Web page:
Relative expression level of CaChi2 gene in chilli plants after 0, 4 and 15 dpi of F. oxysporum infection. Br: Branang as resistant cultivar, L1: Lembang-1 as very susceptible cultivar. The error bars represent the standard error of the means of five replicates

Stem of the resistant plant was strong without necrosis but stem of the susceptible plant was weak and there was necrosis (browning) at the basal of the stem. Necrosis on the basal stem was a specific marker in Fusarium wilt of plants (Agrios, 2005). Leaf of the resistant plant was green and healthy but leaf of the susceptible plant was wilting.

Chitinase gene expression was measured quantitatively based on Ct values of the normalized gene and the CaChi2 as target gene. The 18S rRNA gene was used as normalized gene in this research, because the gene was expressed constitutively in the resistant plants, susceptible plants and untreated plants (Fig. 2). The Ct values of the 18S rRNA gene were used to normalize the target gene in delta-delta Ct method. Use of the 18S rRNA gene conformed with previous research on chitinase study in Acacia coa infected by F. oxysporum (Rushanaedy et al., 2012).

Based on delta-delta Ct method, there was a different profile between resistant plant and susceptible plant. Figure 3 showed the CaChi2 expression level of the resistant and susceptible plant.

This result showed there was up-regulation on CaChi2 gene in resistant plants but not in susceptible plants. It was confirm with previous research that expression of chitinase gene against phyto-pathogen systems is higher and induction is stronger in the resistant plants compared to susceptible plants.

DISCUSSION

Chitinase is one of the Pathogenesis Related (PR) proteins that induced by pathogen attack. Expression of the PR genes usually increases after pathogen infection (Ahmed et al., 2012a). Pathogen needs time to penetrate their host plant, so the expression didn’t start increasing at the earlier time. The recognition of the pathogen infection by host resistance genes should send signals to initiate various defense responses (Yu et al., 2010). Study in wheat leaf concluded that there was no difference in chitinase expression of resistant and susceptible plant until 72 hpi (Mohammadi et al., 2002). In that study, the symptoms could be observed visually in most susceptible plants after 3 dpi (72 hpi), when their hypersusceptible response started occur in host plants and the chitinase gene expression difference could be observed after 4 dpi.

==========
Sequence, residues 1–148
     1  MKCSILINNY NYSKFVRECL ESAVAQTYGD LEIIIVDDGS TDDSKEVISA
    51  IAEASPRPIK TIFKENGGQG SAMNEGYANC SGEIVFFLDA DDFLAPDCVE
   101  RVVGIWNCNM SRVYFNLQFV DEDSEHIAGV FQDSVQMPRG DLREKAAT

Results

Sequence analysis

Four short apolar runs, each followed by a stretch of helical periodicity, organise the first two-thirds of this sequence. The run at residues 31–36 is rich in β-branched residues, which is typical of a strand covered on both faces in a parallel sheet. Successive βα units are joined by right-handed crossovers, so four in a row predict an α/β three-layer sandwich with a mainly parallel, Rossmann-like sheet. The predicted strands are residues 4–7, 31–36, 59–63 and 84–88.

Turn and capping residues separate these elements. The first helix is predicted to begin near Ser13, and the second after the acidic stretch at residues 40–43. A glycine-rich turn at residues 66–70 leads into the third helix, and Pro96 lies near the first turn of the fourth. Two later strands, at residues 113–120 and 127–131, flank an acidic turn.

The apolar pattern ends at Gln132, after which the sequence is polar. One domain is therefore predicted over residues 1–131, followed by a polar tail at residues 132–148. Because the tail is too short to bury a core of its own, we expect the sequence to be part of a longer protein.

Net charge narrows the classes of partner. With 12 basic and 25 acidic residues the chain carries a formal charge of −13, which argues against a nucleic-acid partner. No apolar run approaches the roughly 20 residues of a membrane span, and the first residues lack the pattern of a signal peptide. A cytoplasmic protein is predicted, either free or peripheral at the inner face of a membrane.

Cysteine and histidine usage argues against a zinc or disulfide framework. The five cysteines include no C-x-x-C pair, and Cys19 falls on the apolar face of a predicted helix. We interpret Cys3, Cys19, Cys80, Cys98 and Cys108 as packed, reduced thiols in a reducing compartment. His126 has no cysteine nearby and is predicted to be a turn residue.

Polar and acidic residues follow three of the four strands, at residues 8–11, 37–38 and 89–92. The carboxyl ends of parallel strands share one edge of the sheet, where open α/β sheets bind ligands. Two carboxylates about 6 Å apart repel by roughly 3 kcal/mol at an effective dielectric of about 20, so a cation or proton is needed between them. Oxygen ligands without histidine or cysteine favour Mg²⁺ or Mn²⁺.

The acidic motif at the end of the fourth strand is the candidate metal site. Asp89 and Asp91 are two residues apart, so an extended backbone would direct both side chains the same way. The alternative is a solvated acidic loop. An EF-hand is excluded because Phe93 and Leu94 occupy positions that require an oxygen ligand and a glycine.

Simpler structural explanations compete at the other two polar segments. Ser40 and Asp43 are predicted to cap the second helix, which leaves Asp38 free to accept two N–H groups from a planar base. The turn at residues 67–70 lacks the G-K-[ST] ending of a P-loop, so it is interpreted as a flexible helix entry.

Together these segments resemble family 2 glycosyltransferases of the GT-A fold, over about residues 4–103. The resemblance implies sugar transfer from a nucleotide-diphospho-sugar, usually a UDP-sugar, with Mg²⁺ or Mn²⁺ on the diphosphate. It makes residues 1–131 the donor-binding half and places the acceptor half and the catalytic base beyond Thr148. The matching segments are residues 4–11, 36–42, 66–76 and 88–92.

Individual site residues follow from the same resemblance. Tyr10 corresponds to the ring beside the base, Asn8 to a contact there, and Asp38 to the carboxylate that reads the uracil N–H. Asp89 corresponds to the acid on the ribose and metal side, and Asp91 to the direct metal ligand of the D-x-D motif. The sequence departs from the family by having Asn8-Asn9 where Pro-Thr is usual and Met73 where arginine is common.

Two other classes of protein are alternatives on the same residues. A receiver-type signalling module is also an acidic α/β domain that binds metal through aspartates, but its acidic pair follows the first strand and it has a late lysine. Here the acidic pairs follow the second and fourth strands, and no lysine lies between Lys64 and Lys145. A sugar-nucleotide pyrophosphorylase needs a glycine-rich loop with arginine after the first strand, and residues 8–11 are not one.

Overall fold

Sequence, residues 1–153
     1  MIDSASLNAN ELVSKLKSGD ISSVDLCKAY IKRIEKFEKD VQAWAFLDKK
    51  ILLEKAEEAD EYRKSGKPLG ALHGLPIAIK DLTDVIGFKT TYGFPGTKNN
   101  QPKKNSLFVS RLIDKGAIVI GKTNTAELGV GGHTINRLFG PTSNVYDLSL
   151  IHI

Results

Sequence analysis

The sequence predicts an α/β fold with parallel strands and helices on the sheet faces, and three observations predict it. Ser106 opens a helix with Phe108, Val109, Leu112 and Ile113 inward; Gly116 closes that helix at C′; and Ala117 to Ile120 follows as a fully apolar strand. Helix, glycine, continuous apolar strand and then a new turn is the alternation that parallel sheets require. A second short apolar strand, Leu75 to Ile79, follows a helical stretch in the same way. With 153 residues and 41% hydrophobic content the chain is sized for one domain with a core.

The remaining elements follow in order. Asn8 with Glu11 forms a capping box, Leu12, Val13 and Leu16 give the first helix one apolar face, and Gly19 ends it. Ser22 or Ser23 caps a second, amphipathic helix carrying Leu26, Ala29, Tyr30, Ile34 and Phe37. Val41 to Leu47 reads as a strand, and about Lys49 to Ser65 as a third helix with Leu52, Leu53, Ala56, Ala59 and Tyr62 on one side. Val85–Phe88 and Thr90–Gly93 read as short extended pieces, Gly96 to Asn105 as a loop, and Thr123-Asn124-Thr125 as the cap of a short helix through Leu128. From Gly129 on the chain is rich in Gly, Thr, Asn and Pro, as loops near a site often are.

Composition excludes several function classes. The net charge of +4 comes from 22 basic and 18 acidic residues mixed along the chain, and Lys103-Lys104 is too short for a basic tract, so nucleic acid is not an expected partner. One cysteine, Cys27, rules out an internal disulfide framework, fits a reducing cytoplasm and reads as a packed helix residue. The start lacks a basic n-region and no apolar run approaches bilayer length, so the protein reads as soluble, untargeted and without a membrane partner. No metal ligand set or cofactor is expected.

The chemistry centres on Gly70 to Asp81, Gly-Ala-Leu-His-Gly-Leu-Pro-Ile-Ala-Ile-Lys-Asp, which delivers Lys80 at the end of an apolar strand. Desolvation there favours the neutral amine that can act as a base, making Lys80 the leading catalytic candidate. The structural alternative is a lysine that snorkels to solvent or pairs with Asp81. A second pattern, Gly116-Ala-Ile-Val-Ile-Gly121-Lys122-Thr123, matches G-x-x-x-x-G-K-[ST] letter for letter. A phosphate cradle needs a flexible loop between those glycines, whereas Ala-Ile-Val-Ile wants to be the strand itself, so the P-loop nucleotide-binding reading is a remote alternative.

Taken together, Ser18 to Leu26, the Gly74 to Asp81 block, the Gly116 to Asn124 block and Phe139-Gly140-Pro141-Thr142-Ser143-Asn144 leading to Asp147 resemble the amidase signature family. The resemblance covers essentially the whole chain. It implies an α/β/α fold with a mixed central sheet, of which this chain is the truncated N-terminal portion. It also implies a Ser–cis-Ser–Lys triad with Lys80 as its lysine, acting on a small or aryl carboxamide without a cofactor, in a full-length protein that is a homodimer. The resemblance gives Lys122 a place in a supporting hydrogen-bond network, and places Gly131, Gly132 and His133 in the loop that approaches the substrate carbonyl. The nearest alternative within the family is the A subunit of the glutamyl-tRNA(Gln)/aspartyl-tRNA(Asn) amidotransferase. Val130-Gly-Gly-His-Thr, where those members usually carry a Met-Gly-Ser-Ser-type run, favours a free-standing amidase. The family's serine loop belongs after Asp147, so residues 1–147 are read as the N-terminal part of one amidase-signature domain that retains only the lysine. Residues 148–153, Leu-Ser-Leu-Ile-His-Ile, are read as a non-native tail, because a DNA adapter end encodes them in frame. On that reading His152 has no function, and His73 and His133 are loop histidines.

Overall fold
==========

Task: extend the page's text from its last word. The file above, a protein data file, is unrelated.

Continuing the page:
Chitin in the fungal cell wall induced plant chitinase to be expressed highly at early infection (0-4 dpi) in resistant plant. The chitinase enzyme degraded fungal cell wall until the dead of the fungi. The chitinase expression was declined at the later (15 dpi) to basal level because of the death of the pathogen. This is confirm to the previous research in grape that the induction was steeply up to 4 dpi and declined to the basal level after 7 dpi in the resistant plant. Chitinase expression in Sesbania rostrata increased at 2 dpi but decreased after 7 dpi as a response to Azorhizobium caulinodans symbiont (Goormachtig et al., 1998). According to Goormachtig et al. (1998), plant chitinase was produced, as a molecular response to another organism of a plant.

The susceptible plants could not up-regulated the chitinase expression so they failed to degrade fungal cell wall. The fungus penetrated in plants and colonized there but plant chitinase of susceptible plant could not degrade it. Expression level of the chitinase gene was not different compared to the untreated plant.

The expression level of chitinase gene in this research conformed to many previous researches. The chitinase was up-regulated in resistant plant of wheat, rice, grape and Acacia coa (Mohammadi et al., 2002; Shrestha et al., 2008; Vasanthaiah et al., 2010; Rushanaedy et al., 2012) but there was no increase in the susceptible plant. Shrestha et al. (2008) and Orlowska et al. (2012) showed that chitinase gene was induced in both resistant and susceptible plant but was induced at earlier time point in resistant compared to susceptible plant. According to that research studies, the chitinase gene is used to molecular biomarker in plant resistance against pathogenic fungi (Orlowska et al., 2012; Rushanaedy et al., 2012). Over expression of the gene can enhance the resistance against their pathogens. Response of chitinase gene in leaves as non-infected area can be used to quick analysis of the plant resistance without killed the plants.

ACKNOWLEDGMENT

This research is funded by the Doctoral Dissertation Research Program, Ministry of Education Republic of Indonesia 2014, number DIPA-023.04.02.189185/2014.